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Growing Up Haitian in America - 2002-11-13


English Feature #7-35015 Broadcast July 9, 2001

One in five young people currently in school in the United States is either an immigrant or the child of immigrants. Fabienne Doucet, herself a 27-year-old immigrant from Haiti, is part of a research team conducting a Harvard University project that studies the adaptation to American schools of young people of various immigrant groups. Her own particular focus is on the educational experiences of Haitian youth. Today on New American Voices, Dr. Doucet talks about growing up Haitian in America.

Young Haitian immigrants attending school in the United States face the common difficulties of children of all immigrant groups. But Fabienne Doucet, who studies Haitian high school students in the Boston area, says there are differences.

"Just like with any immigrant group, kids are always going to tease each other, and so there's always been a sort of medium level of ridicule that comes from, 'Well, you're from another country, and you speak with an accent! You're from this little country in the Caribbean and a lot of us have never heard of it!' -- so there's always been that, to a certain extent. But I don't think that's limited to Haitian kids, that's just one of those things that children experience. But in the last 20 years there's been a lot of propaganda about Haitians being AIDS carriers, and being boat people, and being from the poorest country in the Western Hemisphere, and sort of these huge, overbearing, weighty perceptions and stereotypes that make the kids feel really marginalized."

Fabienne Doucet points out, however, that with the resilience of youth, most Haitian kids get over this initial hurdle of stereotyping and prejudice.

"Well, I think that a lot of them do. A lot of them do brilliantly, and get over it. A lot of them don't. A lot sort of internalize this belief that they're not sort of as good as other people."

Young Haitian immigrants face another reality that may affect their adaptation to school, and to life in the United States in general.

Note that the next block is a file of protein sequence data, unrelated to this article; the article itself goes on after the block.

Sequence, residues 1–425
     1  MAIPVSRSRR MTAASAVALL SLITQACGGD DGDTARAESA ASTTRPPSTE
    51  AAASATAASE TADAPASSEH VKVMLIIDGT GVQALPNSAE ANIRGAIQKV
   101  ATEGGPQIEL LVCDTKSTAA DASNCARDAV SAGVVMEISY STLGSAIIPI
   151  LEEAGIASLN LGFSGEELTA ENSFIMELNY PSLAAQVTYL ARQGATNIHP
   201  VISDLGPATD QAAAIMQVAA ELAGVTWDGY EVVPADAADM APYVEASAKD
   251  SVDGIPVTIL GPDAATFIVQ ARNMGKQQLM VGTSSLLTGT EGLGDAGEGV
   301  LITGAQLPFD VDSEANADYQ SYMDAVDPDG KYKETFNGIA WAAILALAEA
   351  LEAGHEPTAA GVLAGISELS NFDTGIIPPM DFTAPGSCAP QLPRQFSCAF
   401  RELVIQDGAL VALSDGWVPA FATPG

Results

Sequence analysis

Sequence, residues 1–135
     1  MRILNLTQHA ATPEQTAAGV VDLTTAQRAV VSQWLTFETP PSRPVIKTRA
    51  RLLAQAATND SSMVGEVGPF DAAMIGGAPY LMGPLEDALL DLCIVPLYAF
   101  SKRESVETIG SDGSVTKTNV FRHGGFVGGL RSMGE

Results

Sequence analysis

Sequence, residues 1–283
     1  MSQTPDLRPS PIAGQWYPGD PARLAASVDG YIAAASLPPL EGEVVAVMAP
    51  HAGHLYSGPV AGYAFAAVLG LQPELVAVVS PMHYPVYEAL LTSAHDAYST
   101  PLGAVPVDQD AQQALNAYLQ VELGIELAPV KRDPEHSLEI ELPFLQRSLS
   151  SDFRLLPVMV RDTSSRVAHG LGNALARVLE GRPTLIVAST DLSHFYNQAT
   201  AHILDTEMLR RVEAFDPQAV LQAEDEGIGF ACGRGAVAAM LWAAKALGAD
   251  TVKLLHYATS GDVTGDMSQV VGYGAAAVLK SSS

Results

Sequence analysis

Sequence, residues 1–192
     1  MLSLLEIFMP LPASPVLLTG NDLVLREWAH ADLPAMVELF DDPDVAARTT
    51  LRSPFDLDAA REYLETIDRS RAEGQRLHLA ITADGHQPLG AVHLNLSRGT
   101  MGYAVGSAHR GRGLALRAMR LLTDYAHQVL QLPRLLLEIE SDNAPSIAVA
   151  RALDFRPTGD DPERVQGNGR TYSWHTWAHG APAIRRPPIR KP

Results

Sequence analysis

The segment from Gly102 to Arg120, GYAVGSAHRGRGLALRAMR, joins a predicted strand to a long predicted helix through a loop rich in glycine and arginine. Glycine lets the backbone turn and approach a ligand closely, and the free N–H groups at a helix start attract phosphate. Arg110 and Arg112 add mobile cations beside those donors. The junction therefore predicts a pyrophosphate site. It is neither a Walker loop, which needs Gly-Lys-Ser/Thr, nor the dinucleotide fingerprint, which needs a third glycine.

"In this country race is the tell-all, the way that people are measured. In this country it's not really distinguished what your cultural background is, it's really just the color of your skin. And so Haitian kids are caught in this sort of--'am I Haitian, am I African-American, am I just black, you know, what am I', and a lot of time it's hard for them to know how to identify. But by strangers they get treated as if they were just black Americans. And we all know about the legacy of racism in this country, so being treated as a black American is not necessarily a good thing."

Nevertheless, Dr. Doucet finds that many young immigrants from Haiti are helped by their positive outlook on the possibilities offered them by life in America.

"I think that in general the children who are coming from Haiti still have that really positive attitude that 'I'm here, and I'm going to make the best of it and I'm going to have a great experience'. They think that this IS a land of opportunity, and many do very well for themselves. I think it's a little bit tougher for the second generation. For them it's more important to have the right motivation, and be in the right setting."

Dr. Doucet has found that whether for the first or second generation of Haitian youth in this country, success depends on a number of factors.

"I think the Haitian kids who succeed are those who have a really wonderful balance of opportunities: internal motivation, they have an environment where they have resources available for them, and where they are supported - it doesn't necessarily have to be support at home, it can be support at school, it can be support from an older peer who says, you know, you can do this - it's sort of a combination of factors."

Fabienne Doucet, who recently earned her Doctor of Philosophy degree from the University of North Carolina, came to this country from Haiti when she was ten years old. From the beginning, she had the right combination of factors to strive to succeed in whatever she chose to do. She had the support of her mother and extended family, and, along the way, several mentors who encouraged her academic interests and played an important role in her progress. But she feels that being Haitian was important, as well.

"For me it's always worked to my advantage, in a way. Feeling different - at first I hated it, and then I loved it. Feeling like I had something unique. I came from a different country, and I had different experiences, and I knew a lot of things that my peers didn't because they didn't have to make adaptations from one culture to another, and sort of realizing that that was an asset, that I had more to draw from, because I knew two cultures very, very well, and that set me up to feel special."

Next week on this program you'll meet a young Baha'i refugee from Iran who lives and works in America's entertainment and gambling capital, Las Vegas.

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